The American Federation of Government Employees (AFGE), representing 7,500 of the EPA’s 14,300 employees, “signaling its dissatisfaction with the White House’s level of action on climate,” will ask the Biden administration to declare a climate emergency, reports Bloomberg Law.
“The request represents a marker for the [AFGE] Council 238 when it sits down with the Environmental Protection Agency on June 13 to negotiate a new contract,” Bloomberg Law adds.
The AFGE Chicago-based Local 704 first sent a letter to EPA Administrator Michael Regan in November 2021, stating that “Biden should declare ‘a climate emergency and take major unprecedented actions’ against carbon and other greenhouse gases which cause global warming. Besides bans, Biden should ‘commit to a carbon-free [electric] power system by 2035,’” says People’s World.
“We’re facing a climate emergency … Further inaction on climate could spell the end of a habitable world for millions,” the Local 704 tweeted, according to People’s World. “@POTUS & @EPA should enact policies that provide recovery to communities hardest hit by the #ClimateEmergency.”
Senate Majority Leader Chuck Schumer (D-N.Y.) also called upon Biden to declare a climate emergency back in January 2021 during an interview on the MSNBC Rachel Maddow show and pointed out the many executive powers available to the president once an emergency is declared.
President Donald Trump utilized these powers to access the billions of dollars necessary to build the Mexico border wall when Congress refused the funding, says The New York Times.
When a president declares a national emergency, 123 statutory powers become available for the president’s use, according to the Brennan Center for Justice. To do so, the president must formally declare an emergency and “specify what statutory authority [will be] activated by the declaration,” EveryCRSReport says. The type of statutory authority activated determines which powers the president can evoke. Historically, Title 10, Section 2808 has been utilized by past presidents on three separate occasions. Section 2808 is notable because it gives the president access to billions of dollars set aside for military construction funding.
There are limits and restraints of emergency powers. For example, it does not set aside constitutional law, and those powers can be challenged and restrained by public opinion and both the legislative and the judicial branch.
Additional groups calling for a climate emergency
Rep. Earl Blumenauer (D-Ore.) introduced H.R. 794 in February 2021 asking for this declaration. The bill gained 53 Democratic co-sponsors but has remained in the Subcommittee on Environment and Climate Change.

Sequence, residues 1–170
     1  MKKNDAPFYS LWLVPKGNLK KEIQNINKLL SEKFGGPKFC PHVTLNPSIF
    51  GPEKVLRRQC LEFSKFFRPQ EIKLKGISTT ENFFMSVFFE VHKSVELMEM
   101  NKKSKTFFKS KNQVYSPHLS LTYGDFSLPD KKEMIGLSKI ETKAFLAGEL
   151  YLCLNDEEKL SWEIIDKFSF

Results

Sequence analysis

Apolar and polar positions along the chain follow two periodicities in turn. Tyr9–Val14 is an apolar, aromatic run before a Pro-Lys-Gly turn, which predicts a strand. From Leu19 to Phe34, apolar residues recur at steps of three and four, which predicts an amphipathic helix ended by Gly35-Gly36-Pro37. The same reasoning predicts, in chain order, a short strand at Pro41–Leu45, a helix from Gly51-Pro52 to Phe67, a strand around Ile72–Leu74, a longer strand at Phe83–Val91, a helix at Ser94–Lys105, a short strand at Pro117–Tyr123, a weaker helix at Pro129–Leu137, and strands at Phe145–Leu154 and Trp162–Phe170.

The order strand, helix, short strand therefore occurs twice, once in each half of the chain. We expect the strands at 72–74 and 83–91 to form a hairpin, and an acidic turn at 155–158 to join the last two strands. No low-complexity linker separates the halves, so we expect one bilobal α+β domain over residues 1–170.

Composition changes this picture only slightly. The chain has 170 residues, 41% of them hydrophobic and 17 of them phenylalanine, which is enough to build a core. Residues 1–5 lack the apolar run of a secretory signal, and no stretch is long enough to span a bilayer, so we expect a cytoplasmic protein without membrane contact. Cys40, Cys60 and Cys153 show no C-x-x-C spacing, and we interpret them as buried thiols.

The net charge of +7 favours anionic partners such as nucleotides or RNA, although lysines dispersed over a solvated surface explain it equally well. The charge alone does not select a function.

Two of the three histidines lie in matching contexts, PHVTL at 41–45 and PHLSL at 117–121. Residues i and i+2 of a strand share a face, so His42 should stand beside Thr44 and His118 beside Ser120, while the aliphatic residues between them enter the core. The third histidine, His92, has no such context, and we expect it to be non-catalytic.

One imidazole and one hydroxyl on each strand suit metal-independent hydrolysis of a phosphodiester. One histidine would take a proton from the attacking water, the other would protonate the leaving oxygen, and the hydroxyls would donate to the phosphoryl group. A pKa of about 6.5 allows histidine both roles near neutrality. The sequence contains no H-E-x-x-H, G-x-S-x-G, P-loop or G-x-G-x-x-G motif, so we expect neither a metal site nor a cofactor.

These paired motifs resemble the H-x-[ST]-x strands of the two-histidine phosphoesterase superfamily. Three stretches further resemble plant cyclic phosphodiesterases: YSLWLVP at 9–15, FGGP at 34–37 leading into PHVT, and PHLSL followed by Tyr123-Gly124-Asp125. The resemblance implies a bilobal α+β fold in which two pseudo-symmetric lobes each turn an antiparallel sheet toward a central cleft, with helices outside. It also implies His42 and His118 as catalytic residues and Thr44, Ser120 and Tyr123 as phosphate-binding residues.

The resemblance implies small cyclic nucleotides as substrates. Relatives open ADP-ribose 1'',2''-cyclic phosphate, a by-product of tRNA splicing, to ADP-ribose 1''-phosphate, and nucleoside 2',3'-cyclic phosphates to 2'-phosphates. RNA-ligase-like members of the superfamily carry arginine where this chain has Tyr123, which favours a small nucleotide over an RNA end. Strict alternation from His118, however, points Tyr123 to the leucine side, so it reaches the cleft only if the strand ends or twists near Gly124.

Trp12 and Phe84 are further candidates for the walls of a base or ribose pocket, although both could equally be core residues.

In March 2022, the Progressive Caucus also called upon Biden to declare “ a National Climate Emergency and invoke authorities under the Defense Production Act and Trade Expansion Act, mobilizing domestic industry to manufacture affordable renewable energy technologies with good paying union jobs for domestic use and international export; reinstate the crude oil export ban; and build reliable, distributed renewable energy systems in frontline communities most affected by the dirty and unjust energy complex.”
Many of these groups, including the AFGE, want the “White House to reinstate a crude oil export ban under the National Emergencies Act and Defense Production Act; enact a clean energy standard to decarbonize the power sector by 2035; and impose a moratorium on permitting fossil fuel facilities and infrastructure,” continues Bloomberg Law.
The Progressive Caucus also suggests the following:
- “Declare a ban on new fossil fuel leases on federal lands and waters and in environmental justice communities.”
- “Save taxpayers billions of dollars by ending both domestic and international federal fossil fuel subsidies.”
- “Direct the State Department, U.S. Treasury, U.S. Export-Import Bank, the U.S. Development Finance Corporation, and USAID to phase out all U.S. government financing for fossil fuel projects and related infrastructure overseas and finance only clean energy infrastructure and climate mitigation and adaptation measures. Use the U.S.’ voice and vote at IMF, World Bank and IDB to advance the same goal.”
According to Bloomberg Law, union contract negotiations with the EPA will also include requests for loan guarantees for renewable energy development, carbon emissions reductions at federal agencies, and the decarbonization of federal financial outlays, including the Thrift Savings Plan that provides retirement savings for federal employees.